I’ve got a question for Mets fans. At what point do you look at the success of R.A. Dickey and proclaim him as a solid dependable starter and no longer an aberration?
Well, yesterday was my cutoff point. I have seen enough to know that yes, Dickey is more than a quality pitcher and one you can depend on every five days.
On three days rest, and coming off a game where he seemed to injure his hip and had to fight Jerry Manuel to stay in the game, Dickey came back and mowed down the St. Louis Cardinals in yet another impressive performance.
His line for Thursday was 8 1/3 innings pitched while giving up only four hits, two walks and no runs. 73 of his 118 pitches went for strikes.
His knuckleball is constantly keeping hitters guessing. What makes him so effective is the change in speed on his knuckleball. Dickey doesn’t just lob it in there. Dickey is dependable, efficient and more than trustworthy at this point.
Dickey has now made 14 starts, way more than a sample size, since he was called up on May 19. Ever since Dickey was called up, he has helped the Mets remain relevant in the pennant race. Dickey’s performance is making it easier to forget how disastrous Oliver Perez and John Maine were in the rotation this year.
Sure, it’s natural to guess a 35-year-old pitcher hitting his peak after such a mediocre career has all the makings of fools’ gold. But Dickey is not an ordinary pitcher and has taken what he has learned in the past to reinvent himself and the results have been stellar.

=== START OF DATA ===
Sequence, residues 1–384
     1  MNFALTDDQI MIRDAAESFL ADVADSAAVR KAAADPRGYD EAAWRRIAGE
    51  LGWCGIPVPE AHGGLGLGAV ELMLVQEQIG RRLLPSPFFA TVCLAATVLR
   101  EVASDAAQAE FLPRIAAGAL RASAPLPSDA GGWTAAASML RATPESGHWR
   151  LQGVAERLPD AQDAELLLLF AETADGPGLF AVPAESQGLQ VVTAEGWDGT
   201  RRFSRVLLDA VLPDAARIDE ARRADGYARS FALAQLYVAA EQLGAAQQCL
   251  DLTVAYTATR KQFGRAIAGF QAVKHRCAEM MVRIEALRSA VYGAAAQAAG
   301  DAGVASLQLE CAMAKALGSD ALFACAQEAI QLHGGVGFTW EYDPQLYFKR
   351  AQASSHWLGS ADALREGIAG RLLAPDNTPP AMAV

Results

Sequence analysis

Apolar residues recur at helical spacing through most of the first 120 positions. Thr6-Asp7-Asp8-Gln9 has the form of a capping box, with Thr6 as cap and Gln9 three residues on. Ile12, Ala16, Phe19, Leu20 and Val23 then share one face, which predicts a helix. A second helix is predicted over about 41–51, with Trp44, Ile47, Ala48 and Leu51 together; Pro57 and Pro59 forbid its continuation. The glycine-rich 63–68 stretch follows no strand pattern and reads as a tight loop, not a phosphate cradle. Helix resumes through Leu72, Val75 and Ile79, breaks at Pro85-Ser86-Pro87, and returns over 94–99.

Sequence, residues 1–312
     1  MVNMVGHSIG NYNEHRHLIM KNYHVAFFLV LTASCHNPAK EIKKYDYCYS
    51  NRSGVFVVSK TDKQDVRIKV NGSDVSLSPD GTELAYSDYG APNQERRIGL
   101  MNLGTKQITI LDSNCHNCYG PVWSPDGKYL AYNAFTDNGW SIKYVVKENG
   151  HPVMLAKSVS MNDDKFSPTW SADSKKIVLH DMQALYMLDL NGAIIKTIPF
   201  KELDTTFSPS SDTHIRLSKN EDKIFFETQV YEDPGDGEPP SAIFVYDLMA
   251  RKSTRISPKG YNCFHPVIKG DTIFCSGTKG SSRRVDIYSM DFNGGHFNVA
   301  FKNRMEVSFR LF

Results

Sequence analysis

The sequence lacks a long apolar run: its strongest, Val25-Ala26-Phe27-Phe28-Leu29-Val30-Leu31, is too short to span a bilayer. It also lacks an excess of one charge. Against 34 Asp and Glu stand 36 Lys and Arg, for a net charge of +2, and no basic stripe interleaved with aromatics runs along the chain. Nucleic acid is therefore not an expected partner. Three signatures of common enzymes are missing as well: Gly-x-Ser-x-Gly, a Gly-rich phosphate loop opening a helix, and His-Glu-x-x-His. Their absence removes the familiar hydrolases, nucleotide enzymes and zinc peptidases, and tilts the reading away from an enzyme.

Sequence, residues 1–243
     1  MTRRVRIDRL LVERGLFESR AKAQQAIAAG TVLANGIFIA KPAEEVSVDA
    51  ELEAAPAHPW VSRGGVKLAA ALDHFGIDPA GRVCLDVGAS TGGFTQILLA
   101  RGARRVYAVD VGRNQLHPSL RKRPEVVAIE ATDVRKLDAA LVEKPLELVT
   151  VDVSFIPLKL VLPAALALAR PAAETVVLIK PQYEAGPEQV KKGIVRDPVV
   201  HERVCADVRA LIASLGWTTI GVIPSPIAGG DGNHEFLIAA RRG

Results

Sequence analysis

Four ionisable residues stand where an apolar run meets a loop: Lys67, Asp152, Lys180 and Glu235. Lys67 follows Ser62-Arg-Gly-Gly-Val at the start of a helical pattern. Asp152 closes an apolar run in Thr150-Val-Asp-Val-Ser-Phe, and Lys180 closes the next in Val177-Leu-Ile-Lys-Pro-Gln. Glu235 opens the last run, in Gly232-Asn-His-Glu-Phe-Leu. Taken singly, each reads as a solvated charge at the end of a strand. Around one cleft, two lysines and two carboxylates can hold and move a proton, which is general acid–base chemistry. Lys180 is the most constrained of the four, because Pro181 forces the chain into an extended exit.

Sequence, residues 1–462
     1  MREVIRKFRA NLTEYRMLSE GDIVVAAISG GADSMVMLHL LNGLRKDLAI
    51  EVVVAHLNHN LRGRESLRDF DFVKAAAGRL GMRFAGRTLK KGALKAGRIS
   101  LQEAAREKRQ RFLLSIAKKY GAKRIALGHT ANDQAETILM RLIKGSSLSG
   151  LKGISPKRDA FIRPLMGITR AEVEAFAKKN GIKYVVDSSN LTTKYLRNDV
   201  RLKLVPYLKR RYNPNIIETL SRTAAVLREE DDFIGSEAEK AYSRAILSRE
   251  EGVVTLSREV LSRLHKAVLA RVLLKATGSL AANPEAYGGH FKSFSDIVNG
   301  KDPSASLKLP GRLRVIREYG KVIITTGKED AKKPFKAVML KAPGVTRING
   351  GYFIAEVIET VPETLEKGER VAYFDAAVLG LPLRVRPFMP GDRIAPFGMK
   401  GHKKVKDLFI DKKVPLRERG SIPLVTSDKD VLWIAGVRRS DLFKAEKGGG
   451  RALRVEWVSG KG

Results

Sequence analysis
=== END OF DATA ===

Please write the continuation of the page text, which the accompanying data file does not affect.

You can say after five games that his pitching was a fluke. Heck, I’ll give all the benefit of the doubt and say you can still say Dickey was a fluke after 10 games. But with 14 starts, you got to stop and say, “Hey this guy could be for real.” 14 starts is almost a half a season of baseball.
Dickey’s only real bad start was in a bandbox (Puerto Rico’s Hiram Bithorn Stadium vs. the Marlins) where he gave up five runs in five innings. If that is a pitcher’s worst, then we should be all so lucky. Heck, the Mets unquestioned ace Johan Santana gave up six runs in one inning alone on Wednesday.
In Dickey’s 14 starts he has posted 11 quality starts (at least six innings pitched with three or fewer earned runs). That is a phenomenal run of quality pitching.
For the season, Dickey is 7-4 with a 2.32 ERA. He should have more than seven wins, as he has fell victim to poor run support. In July, Dickey’s ERA is 1.51, but he did not get a win in five previous July starts before finally getting back in the win column on Thursday.
So again I ask, when are you going to consider Dickey anything but an aberration?
If not by now, then you might be waiting a while. Dickey is here to stay.